I'm not sure how this book made it into my father's collection of sci-fi novels. It isn't really science fiction, I guess it was trying for the sub-geI'm not sure how this book made it into my father's collection of sci-fi novels. It isn't really science fiction, I guess it was trying for the sub-genre of alternative history, but it really reads the longer you go as a neo-nazi's wet dream of a fourth Reich.
I'm not sure what purpose this book serves. I tried to find out more about the author or the book and it seems to be unmentioned online though the name Richard Rose isn't unique, perhaps it is a pen name. Usually authors write more books, but in this case perhaps there really wasn't a market for the future tales of Hitler's secret son and the next Reich. That seems to be the purpose of this book as best I can guess, the first in a series that never caught on for obvious reasons.
There isn't really any science as the book was published in the 80s and basically ends in the 80s, starting of course during the closing days of World War 2. It doesn't make the argument for another National Socialist revival very well, but it becomes all too obvious that is going to happen, it is just a matter of when in the novel. Like I said most things seem unfinished in the book, with likely the intention of sequels that will never come...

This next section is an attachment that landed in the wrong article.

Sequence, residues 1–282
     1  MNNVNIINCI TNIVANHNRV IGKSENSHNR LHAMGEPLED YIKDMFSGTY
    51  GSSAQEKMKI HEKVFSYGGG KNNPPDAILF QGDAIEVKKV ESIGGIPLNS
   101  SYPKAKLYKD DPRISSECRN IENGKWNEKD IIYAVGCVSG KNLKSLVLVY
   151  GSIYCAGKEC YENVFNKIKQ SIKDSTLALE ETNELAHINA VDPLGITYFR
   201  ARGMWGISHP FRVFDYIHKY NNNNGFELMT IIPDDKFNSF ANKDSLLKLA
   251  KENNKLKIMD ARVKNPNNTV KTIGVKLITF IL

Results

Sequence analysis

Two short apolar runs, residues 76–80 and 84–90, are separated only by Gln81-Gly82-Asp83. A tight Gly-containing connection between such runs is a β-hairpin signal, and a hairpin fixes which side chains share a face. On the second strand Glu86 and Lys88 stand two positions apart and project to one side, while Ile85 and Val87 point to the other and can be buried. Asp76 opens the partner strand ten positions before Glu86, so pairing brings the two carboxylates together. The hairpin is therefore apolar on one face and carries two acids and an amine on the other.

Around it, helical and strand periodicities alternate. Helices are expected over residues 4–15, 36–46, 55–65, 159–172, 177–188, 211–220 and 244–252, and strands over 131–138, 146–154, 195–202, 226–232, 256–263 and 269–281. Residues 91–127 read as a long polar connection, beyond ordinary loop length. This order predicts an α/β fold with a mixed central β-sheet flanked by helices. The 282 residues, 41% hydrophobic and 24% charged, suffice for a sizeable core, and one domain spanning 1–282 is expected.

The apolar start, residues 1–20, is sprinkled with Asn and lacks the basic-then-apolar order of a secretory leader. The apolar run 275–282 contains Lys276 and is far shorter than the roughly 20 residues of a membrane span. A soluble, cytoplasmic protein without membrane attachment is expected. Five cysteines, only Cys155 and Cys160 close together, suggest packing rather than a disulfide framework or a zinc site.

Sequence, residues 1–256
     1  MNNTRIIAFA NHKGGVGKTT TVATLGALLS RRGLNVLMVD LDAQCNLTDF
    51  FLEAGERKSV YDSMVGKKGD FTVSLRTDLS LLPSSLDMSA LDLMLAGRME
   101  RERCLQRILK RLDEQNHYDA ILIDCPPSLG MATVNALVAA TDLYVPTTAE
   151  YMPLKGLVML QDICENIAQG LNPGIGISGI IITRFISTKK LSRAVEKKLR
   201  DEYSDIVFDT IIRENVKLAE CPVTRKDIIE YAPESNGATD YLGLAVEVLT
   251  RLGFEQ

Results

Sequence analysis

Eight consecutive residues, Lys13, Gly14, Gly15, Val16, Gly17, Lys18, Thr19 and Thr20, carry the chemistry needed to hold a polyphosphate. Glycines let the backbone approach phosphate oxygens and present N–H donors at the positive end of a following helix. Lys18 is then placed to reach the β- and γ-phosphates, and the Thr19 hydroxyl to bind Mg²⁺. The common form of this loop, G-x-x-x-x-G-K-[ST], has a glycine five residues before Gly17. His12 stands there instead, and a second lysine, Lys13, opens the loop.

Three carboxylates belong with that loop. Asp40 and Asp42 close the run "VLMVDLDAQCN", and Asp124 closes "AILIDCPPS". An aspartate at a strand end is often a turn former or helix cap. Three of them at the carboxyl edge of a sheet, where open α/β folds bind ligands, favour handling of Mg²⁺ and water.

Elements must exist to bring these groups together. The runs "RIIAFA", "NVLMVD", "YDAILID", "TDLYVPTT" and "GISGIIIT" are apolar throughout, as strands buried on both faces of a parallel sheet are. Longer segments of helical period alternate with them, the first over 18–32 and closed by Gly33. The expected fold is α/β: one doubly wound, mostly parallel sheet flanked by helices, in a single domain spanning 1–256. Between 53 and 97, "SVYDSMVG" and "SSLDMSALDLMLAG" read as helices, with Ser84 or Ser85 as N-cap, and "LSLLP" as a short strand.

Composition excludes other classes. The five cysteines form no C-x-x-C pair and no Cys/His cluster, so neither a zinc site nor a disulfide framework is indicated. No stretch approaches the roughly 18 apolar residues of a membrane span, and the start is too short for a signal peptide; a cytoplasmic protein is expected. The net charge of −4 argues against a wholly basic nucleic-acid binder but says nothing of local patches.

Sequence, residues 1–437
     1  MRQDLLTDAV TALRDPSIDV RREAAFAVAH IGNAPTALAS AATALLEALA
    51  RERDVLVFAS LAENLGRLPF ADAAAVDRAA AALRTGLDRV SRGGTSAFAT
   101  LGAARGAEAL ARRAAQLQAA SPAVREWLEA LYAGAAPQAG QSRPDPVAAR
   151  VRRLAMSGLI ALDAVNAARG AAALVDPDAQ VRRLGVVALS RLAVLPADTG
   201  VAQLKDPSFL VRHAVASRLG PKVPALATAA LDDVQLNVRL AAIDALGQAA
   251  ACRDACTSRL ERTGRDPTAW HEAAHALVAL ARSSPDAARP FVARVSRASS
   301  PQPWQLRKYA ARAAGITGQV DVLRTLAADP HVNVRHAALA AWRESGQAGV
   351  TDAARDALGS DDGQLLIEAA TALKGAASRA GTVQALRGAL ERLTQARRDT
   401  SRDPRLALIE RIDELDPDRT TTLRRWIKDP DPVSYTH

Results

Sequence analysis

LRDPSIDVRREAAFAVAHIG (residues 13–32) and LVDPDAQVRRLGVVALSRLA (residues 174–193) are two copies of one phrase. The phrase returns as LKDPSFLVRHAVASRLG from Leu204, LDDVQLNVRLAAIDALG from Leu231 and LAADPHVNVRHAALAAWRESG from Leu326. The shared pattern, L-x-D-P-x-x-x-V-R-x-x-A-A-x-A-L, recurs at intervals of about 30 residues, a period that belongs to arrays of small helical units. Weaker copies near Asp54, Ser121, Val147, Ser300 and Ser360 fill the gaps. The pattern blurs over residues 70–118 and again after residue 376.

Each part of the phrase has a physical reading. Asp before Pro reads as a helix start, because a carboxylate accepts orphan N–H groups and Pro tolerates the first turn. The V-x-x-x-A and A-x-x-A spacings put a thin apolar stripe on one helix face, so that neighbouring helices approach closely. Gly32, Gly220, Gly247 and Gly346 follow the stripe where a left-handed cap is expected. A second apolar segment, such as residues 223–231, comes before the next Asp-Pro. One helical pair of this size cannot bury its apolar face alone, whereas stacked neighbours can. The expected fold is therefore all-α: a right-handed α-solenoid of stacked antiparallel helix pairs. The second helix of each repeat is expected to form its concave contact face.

It is books like this I feel cheated by, I could have spent my time better... This is so often the case in life but it doubly bothers me with books as I know there are better books I could have read instead of this one. The premise of what if Hitler had a son who survived the war isn't horrible for a work of science fiction or alternative history, but the ideas and the telling could have been a lot more original and imaginative. I can't recommend this book to anyone really....more
It's alright too similar to other books about moon colonies though. Suppose it depends which you read first. The language (loonie?) was confusing at fIt's alright too similar to other books about moon colonies though. Suppose it depends which you read first. The language (loonie?) was confusing at first, never caught on like NatSat in "A Clockwork Orange" even with the mix of Russian which I couldn't make much sense of while reading the book.
The grammar and the spelling of the Loonie language also take some getting used to. It is a pretty fast paced novel though it has some discussions of politics, mildly amusing view of Kentucky too....more
I read this last night in basically two sittings. My sleep cycle has gotten all screwed up. It is a thinking person's Sci-Fi novel, a lot of like a deI read this last night in basically two sittings. My sleep cycle has gotten all screwed up. It is a thinking person's Sci-Fi novel, a lot of like a detective novel really. Lots of internal monologue. Of course written in the 40's they thought the passage of 500 years would still have people driving cars and what not, but the central idea is philosophical not technological so it still works, but it goes against human nature a bit, not very Nietzschian.
This came form the piles of old sci-fi books my dad had. I was working my way through some of them earlier in the year, but took a break until I decided to read one late last night....more